I probably couldnt have picked a better and more unlikely episode to demonstrate all this than A Stitch in Crime. In it, Honey and Sam are hired to guard a new collection of gowns that are the work of an imaginative fashion designer. Although, several times during the proceedings, Honey gazes covetously upon the feminine finery under their protection, at no point does her behaviour make her appear frivolous. Nor to we feel she is being patronised or subjected to stereotypingbecause of the way she is characterised throughout the rest of the story. She appreciates elegant clothing; she takes pride in her appearancebut she is also focussed on the job she is being paid to do. It is interesting to contrast this with the way the Barbara Anderson character, Police Officer Eve Whitfield, was portrayed a few years later in the long-running Raymond Burr series Ironside (1967-1974). Often used for comedic effect, this professional policewoman was frequently shown to be more interested in buying a new hat than solving that weeks case
I can appreciate why Skip and Gloria Ficklingthe authors of the novels the Honey West series was based onwere reportedly unhappy with the liberties Four Star took with their creation. The adventures of the small screen H. West and Company are far removed from the Chandler-esque exploits of their print-based source of origin.
The Honey West TV series is a delight. It is that rare thing: an intelligent piece of entertainment that is, I have found, the best therapy for the blues that I know.
The scripts are artfully constructed. They tell complex, atmospheric tales in only twenty-six minutes, and employ echoed dialogue and visual puns to link scenes. The writing is literate (how many other teleplays credit their audiences with the intelligence to appreciate throw away references to the aphorisms of Diogenes?) and the outcome of the adventures of Honey and Sam is never formulaic or obvious.
In tandem with this, the lead performances are exceptionaland this is demonstrated not by the series best moments, but by its worst.
On two occasions, Anne Francis and John Ericson are handed material that would humiliate most actors: firstly, a nightclub scene in which Honey and Sam are cajoled into dancing The Honey Westa twist-based routine that involves holding your hands like pistols and poking your fingers in the air (Come to Me, My Litigation Baby), and secondly, an episode in which they are confronted by a rampaging gorilla that is (quite understandably) enacted by a man in a costume (Slay, Gypsy, Slay). On both occasions, the actors play the scenes with honesty and credibility. In the former, they appear embarrassed; in the later, terrified. Consequently, they emerge with their professional dignityand the integrity of the characters they are playingintact.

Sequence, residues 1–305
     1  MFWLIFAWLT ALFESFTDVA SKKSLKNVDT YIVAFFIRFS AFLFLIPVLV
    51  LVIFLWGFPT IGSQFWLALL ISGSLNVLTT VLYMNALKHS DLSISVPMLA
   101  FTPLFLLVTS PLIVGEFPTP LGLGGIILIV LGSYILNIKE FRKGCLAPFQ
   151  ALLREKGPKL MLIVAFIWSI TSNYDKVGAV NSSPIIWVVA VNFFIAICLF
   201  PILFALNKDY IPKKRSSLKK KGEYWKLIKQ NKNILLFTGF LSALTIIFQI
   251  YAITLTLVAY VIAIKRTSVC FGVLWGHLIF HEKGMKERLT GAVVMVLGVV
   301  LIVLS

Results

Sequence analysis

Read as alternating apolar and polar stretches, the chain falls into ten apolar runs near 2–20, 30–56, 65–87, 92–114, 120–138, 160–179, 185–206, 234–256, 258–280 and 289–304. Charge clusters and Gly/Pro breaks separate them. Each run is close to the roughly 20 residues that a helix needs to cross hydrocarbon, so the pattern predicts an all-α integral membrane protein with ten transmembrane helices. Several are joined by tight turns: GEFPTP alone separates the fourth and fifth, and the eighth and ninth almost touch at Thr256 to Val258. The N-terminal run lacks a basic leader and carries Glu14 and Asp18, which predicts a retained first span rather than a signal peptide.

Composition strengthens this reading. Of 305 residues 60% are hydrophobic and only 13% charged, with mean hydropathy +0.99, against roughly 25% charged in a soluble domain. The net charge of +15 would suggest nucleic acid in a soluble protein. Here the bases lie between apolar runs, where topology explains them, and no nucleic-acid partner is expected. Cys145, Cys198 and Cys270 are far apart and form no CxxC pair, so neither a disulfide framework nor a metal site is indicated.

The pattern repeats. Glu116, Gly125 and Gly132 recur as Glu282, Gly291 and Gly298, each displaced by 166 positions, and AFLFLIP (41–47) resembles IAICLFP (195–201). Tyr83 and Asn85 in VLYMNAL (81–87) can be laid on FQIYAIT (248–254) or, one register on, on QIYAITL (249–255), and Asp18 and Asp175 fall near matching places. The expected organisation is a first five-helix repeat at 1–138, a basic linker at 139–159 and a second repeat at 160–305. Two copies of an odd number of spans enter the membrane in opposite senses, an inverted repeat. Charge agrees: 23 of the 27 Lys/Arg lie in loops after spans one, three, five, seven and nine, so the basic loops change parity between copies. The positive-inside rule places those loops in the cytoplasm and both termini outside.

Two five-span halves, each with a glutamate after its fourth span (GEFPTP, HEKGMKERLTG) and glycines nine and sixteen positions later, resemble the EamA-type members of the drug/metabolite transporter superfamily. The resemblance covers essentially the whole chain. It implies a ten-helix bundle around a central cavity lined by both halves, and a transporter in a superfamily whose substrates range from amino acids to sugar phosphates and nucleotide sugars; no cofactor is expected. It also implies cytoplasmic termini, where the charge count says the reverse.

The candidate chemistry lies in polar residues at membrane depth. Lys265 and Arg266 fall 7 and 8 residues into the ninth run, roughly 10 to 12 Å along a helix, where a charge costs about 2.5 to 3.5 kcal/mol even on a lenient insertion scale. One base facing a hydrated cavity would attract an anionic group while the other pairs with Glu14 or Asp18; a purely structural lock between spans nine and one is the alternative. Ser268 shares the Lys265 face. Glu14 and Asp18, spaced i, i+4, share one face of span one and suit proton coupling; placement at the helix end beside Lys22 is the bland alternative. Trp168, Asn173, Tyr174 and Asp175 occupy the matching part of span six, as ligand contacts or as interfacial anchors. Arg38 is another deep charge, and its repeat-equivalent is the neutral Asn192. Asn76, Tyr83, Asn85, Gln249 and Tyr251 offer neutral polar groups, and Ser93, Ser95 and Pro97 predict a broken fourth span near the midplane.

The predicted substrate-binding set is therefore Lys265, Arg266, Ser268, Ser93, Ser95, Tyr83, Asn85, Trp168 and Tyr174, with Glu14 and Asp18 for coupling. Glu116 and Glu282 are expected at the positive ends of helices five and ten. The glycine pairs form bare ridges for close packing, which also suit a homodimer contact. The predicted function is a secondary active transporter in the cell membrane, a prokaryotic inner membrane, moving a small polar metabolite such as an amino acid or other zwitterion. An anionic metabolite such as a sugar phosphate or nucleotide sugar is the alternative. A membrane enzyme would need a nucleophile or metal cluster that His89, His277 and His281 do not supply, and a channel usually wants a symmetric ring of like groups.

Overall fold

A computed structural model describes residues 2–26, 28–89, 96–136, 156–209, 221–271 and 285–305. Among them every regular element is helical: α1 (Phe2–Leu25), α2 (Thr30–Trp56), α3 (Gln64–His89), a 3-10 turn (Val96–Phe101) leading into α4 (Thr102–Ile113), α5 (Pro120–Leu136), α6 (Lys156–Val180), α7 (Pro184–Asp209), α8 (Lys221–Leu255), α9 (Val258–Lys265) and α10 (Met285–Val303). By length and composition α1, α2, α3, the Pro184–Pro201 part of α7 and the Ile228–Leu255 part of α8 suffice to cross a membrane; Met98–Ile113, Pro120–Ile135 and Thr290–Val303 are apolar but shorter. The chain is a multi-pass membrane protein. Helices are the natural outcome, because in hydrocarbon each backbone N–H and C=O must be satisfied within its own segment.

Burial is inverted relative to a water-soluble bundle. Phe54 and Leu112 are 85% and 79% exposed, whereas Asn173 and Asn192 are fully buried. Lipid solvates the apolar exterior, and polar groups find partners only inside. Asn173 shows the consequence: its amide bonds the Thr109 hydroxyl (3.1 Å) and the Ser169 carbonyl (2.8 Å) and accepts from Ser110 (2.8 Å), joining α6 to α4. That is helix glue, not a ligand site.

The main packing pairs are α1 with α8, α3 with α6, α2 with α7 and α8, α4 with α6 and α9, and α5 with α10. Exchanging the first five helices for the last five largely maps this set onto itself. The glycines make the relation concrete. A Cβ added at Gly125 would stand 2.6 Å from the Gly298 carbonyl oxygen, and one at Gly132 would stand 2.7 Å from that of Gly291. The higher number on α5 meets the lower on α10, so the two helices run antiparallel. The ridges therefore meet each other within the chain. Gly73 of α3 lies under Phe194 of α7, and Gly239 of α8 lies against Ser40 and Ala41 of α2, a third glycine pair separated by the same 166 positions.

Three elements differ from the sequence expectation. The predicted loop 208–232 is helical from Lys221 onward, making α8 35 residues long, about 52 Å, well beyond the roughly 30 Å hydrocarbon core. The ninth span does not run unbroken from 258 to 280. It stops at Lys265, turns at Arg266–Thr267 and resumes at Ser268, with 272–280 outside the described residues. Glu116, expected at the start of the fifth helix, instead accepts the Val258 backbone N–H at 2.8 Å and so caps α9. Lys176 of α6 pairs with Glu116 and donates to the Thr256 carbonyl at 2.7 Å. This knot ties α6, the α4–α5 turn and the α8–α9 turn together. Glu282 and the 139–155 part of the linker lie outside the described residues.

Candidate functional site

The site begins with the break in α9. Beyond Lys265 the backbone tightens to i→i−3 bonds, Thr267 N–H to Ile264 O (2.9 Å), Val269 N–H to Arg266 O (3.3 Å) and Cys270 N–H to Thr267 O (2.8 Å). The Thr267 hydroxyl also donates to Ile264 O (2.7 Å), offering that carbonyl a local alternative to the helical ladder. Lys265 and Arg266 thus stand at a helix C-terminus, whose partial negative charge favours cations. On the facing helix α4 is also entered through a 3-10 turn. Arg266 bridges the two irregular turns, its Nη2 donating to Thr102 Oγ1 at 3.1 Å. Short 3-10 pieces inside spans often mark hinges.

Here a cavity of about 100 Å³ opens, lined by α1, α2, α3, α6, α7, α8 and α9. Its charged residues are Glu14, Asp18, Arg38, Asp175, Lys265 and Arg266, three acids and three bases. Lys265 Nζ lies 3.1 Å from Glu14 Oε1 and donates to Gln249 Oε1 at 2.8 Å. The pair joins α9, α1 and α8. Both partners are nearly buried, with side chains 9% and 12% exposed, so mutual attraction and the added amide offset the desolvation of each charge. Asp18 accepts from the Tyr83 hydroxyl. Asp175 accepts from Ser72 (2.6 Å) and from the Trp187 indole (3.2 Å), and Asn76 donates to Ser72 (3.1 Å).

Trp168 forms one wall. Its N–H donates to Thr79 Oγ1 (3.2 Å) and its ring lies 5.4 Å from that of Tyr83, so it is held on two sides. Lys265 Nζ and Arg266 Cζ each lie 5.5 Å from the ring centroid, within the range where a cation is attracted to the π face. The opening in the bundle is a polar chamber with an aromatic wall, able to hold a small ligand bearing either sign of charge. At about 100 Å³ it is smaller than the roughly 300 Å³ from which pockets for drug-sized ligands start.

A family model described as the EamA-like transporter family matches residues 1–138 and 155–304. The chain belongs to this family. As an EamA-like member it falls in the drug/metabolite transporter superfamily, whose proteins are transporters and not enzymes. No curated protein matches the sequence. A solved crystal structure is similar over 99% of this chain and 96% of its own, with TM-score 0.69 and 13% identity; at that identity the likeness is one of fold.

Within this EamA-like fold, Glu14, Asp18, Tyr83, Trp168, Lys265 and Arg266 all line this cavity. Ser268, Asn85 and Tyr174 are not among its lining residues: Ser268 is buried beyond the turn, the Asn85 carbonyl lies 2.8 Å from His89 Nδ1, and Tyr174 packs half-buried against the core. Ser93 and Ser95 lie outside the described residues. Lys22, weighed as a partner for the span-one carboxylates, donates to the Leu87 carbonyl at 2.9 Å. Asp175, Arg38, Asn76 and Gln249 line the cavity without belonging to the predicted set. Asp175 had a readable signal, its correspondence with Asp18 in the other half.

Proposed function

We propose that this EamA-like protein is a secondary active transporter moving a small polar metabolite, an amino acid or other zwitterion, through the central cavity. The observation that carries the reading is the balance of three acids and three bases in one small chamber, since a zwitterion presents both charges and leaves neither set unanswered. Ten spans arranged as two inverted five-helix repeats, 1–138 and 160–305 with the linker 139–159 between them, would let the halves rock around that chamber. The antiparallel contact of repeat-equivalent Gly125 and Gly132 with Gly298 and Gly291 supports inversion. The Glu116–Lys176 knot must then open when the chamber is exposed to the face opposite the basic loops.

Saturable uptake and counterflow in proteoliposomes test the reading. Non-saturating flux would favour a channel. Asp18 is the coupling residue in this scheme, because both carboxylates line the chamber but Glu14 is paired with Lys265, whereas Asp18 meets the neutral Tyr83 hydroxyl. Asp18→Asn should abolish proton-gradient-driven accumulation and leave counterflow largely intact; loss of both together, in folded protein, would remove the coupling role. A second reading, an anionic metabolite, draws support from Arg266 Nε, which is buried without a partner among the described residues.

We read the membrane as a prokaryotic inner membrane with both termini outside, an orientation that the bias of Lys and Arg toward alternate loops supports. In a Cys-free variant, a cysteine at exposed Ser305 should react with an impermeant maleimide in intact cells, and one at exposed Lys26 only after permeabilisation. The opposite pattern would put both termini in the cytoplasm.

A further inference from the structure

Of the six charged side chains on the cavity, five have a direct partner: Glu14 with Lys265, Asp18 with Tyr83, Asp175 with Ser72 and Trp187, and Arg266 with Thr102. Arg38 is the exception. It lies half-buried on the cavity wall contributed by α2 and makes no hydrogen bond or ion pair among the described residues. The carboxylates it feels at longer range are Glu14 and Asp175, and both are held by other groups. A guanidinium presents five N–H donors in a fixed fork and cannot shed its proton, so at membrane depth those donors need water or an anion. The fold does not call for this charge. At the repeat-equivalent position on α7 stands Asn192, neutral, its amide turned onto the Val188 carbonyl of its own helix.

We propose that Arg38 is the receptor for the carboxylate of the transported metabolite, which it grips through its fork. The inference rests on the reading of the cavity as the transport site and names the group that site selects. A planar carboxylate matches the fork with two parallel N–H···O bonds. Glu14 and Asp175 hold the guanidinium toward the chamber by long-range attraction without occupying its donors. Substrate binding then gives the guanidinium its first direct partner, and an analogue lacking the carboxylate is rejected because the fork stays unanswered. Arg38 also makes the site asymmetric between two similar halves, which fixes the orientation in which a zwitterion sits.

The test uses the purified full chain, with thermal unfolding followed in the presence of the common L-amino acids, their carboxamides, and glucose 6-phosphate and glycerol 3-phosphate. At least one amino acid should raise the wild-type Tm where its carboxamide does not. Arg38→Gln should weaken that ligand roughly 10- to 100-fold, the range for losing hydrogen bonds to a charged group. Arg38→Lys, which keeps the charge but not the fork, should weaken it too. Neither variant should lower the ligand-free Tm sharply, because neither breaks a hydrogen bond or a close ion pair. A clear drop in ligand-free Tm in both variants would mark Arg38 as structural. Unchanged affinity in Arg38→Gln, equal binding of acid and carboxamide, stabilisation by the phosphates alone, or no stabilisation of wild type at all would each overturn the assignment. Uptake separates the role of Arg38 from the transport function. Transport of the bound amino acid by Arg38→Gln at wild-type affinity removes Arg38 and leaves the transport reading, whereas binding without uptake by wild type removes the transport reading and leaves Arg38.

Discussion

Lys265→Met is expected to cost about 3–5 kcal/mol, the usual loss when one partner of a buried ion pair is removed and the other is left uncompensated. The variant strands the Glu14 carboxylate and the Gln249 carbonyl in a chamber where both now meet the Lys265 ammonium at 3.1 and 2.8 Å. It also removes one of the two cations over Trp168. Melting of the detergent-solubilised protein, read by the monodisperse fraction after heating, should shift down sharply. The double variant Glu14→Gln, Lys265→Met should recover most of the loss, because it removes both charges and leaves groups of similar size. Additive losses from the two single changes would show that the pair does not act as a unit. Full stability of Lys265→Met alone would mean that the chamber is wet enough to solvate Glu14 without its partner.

It has often been said that when someone turns on their television they are, essentially, inviting its occupants into their homes. Over the years, Ive come to realise that most of the fictional characters presented to us as potential icons on the tube are not only people you would not otherwise invite into your home, but are also one-dimensional entities who do not appear to have lives beyond the running time of their shows
Honey and Sam are an exception on both counts.
Unlike most Television heroes, theyre not perfect. They frequently let their emotions get the better of them. We see them exhibiting spectacular diplays of ill humournot only with each other but also with their clients. They make mistakes. They can be fooled. The path they follow to the resolution of a case is never straightforward, and when they ultimately prevail they do so not only because of the sharpness of their wits and their courage, but also because of their compassion. And along the way they crack some wonderfully funny jokes.
The virtues of Honey West and Sam Bolt deserve to be recognised, celebratedand above all savoured.
That's why this site is here.